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Smart, thought-provoking sci-fi series is great for teens.

What parents need to know

Positive messages

The series explores how society might be different had integral historical events concluded differently. Villains aren't always easily defined, and the presentation of different societal rules sometimes challenges the mores to which we adhere.

Positive role models

Despite challenges at every turn, the characters remain steadfast in their determination to return home. Their journeys often pull them into conflicts they know little about at first, but when they're forced to choose sides, they always opt to support the cause of peace and justice.


The Sliders usually encounter some new form of enemy with each dimension they visit, resulting in traditional battles with weapons like guns, biological warfare waged with germs that inflict illness, and torture.


Some kissing and references to adults being lovers.


"Damn," mostly.

Not applicable
Drinking, drugs, & smoking
Not applicable

Parents Need to Know

Parents need to know that Sliders is a science-fiction series that takes viewers on journeys through altered dimensions of Earth, making teens the best audience for understanding the intricacies of the plot and the characters' experiences. The story touches on elements of physics, world history, human evolution, and development of a society, making for some great jumping-off points for follow-up discussion and study. Expect violence in some form in nearly every episode, varying from traditional weapons to less common ones like germ warfare. Because the show's setting changes with each new episode, it's difficult to predict what the content might contain, but overall there's little reason to fret sharing this smart series with teens.

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What's the story?

SLIDERS is a sci-fi series that follows four people as they journey between parallel universes through vortexes of time and space. Central to the group is Quinn Mallory (Jerry O'Connell), a brilliant physics student who inadvertently developed the "sliding" technology. He is joined by his mentor, Professor Maximillian Arturo (John Rhys-Davies); his friend Wade Welles (Sabrina Lloyd); and Rembrandt Brown (Cleavant Derricks), an unsuspecting bystander who's drawn into the fray when he's accidentally sucked through the vortex with the others. Unable to find their way back to their own dimension, the four hop between different versions of Earth, getting pulled into the struggles of the residents there and hoping that one of their trips will take them back to their own time and place. The series ran for five seasons and experienced cast changes that saw some characters leave and others -- including Maggie Beckett (Kari Wuhrer) and Quinn's brother, Colin Mallory (Charlie O'Connell) -- join the group on their quest to return home.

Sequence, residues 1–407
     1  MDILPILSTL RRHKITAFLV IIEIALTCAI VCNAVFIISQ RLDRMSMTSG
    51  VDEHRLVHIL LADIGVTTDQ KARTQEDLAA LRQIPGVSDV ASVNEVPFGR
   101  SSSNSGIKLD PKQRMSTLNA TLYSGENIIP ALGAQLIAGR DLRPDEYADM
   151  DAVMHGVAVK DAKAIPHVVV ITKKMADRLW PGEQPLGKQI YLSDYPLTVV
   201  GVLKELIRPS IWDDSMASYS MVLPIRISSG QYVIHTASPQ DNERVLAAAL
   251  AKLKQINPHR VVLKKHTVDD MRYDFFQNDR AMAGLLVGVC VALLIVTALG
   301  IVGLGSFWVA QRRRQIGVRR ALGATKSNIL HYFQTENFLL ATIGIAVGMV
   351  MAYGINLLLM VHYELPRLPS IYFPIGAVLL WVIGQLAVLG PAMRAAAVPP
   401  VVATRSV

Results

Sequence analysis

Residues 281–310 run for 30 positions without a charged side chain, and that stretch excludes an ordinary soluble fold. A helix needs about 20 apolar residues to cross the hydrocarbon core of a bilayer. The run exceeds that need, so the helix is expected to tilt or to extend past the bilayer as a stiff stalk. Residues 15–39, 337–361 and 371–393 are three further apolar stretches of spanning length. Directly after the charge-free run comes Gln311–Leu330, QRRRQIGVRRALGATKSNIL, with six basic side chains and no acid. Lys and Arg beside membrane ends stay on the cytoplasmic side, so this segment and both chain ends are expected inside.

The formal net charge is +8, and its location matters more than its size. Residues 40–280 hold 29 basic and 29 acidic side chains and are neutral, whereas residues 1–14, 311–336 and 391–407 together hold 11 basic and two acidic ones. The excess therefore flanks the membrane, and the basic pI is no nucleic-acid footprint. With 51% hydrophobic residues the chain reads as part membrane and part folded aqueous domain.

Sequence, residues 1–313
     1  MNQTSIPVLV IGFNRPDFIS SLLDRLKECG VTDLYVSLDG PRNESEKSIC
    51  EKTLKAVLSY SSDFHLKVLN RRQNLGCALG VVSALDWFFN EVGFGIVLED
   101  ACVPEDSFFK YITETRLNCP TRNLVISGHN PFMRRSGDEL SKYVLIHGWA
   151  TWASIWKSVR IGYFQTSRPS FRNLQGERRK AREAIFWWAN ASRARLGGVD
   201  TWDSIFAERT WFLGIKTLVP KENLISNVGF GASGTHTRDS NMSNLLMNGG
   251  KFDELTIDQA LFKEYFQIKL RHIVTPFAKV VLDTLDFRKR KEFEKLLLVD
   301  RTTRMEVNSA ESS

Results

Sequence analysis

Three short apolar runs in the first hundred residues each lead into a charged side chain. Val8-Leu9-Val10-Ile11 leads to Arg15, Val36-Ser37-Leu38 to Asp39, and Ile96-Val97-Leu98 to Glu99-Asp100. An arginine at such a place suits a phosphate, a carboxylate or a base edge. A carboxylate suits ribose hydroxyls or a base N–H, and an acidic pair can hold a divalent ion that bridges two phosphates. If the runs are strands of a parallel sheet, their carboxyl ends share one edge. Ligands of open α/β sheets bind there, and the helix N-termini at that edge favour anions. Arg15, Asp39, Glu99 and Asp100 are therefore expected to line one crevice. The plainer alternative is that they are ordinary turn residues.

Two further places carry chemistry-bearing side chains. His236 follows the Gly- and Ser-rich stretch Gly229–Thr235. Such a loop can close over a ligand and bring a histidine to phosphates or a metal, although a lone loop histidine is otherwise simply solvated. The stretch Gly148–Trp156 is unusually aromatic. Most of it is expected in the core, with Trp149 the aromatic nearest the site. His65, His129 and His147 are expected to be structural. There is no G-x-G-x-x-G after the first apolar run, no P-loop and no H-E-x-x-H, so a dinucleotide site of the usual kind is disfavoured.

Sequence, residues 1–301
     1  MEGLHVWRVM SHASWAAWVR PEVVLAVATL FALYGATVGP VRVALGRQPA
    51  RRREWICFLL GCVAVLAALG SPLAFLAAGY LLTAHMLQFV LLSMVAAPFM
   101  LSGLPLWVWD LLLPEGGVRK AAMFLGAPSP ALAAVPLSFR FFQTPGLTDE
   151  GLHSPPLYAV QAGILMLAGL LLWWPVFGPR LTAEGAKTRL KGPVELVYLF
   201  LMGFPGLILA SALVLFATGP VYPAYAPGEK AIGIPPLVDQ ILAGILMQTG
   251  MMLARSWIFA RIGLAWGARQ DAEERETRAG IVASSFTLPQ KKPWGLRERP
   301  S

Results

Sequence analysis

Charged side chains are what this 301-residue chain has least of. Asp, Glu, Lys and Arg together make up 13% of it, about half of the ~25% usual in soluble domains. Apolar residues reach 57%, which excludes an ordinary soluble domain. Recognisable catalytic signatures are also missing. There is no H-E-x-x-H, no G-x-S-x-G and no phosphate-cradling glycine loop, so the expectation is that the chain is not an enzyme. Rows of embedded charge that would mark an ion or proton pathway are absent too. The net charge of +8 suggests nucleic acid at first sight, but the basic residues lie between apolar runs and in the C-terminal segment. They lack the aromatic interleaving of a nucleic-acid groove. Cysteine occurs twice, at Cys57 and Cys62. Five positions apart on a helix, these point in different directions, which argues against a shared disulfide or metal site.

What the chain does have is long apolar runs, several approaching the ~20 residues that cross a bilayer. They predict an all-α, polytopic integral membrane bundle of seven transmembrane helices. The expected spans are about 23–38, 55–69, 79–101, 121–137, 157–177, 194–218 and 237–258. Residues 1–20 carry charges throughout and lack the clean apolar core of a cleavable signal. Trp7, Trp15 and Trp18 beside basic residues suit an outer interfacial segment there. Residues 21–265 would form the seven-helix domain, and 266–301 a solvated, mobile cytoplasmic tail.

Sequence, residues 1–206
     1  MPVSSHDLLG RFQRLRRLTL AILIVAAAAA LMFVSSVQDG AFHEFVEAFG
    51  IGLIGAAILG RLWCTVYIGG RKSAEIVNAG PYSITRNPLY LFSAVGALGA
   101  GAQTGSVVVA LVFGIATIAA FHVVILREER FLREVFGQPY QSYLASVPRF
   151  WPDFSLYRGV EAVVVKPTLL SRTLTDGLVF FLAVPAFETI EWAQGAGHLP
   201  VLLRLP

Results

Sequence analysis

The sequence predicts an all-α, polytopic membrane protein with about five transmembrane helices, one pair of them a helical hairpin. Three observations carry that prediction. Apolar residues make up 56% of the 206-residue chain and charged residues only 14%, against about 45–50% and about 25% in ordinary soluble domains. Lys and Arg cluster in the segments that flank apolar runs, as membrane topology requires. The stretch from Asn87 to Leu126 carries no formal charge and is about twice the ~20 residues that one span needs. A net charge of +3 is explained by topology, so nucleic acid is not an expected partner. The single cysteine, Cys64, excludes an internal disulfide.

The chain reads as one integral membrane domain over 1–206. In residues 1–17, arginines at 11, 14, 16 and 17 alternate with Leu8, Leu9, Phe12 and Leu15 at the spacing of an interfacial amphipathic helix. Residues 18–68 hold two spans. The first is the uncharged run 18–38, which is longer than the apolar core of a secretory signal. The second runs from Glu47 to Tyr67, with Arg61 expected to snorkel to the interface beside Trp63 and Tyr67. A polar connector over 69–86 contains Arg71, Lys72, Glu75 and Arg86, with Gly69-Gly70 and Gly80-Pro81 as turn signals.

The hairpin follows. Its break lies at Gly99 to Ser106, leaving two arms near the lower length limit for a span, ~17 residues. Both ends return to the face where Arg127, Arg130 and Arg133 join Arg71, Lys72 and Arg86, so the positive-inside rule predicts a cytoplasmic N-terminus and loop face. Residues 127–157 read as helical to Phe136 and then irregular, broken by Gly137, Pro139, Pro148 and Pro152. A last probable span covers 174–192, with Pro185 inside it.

Is it any good?


It's no wonder that Sliders was a hit with sci-fi fans in the late '90s. The show is smart and its premise unique, plus it adds in just the right level of comedy to lighten the mood at appropriate times without resorting to corniness. It manages to toe the line between entertaining and challenging viewers to think critically about how the world has evolved over time, thanks to storylines that adjust history to present images of how the world would look if important events were altered, like the outcomes of wars or the invention of modern medicine.

This is good news for viewers who want something besides a predictable, one-dimensional story, but Sliders does require some background experience and knowledge for the show's format and somewhat fragmented storyline to make sense. For this reason, it's best suited for teens and adults, and those who watch will be treated to a thought-provoking journey through versions of what might have been our world had history played out differently.

Families can talk about...

  • Families can talk about how history shapes us. What events in history have had lasting effects that still influence your life? How does the way you live your life reflect the values you hold dear?

  • Teens: Did this show change how you view long-past events? Do you think that was the show's intention? What other shows have you seen that are a good example of entertaining education?

  • How have scientific advancements changed our life in the past few decades? What do you think people from previous generations would think of how we live and work now? How do these advancements affect our personal relationships? Are they always an improvement in that regard?

TV details

Premiere date:March 22, 1995
Cast:Jerry O'Connell, John Rhys-Davies, Sabrina Lloyd
Network:Discovery Family Channel
Genre:Science Fiction
Topics:Adventures, Science and nature
TV rating:TV-PG
Available on:DVD, Streaming

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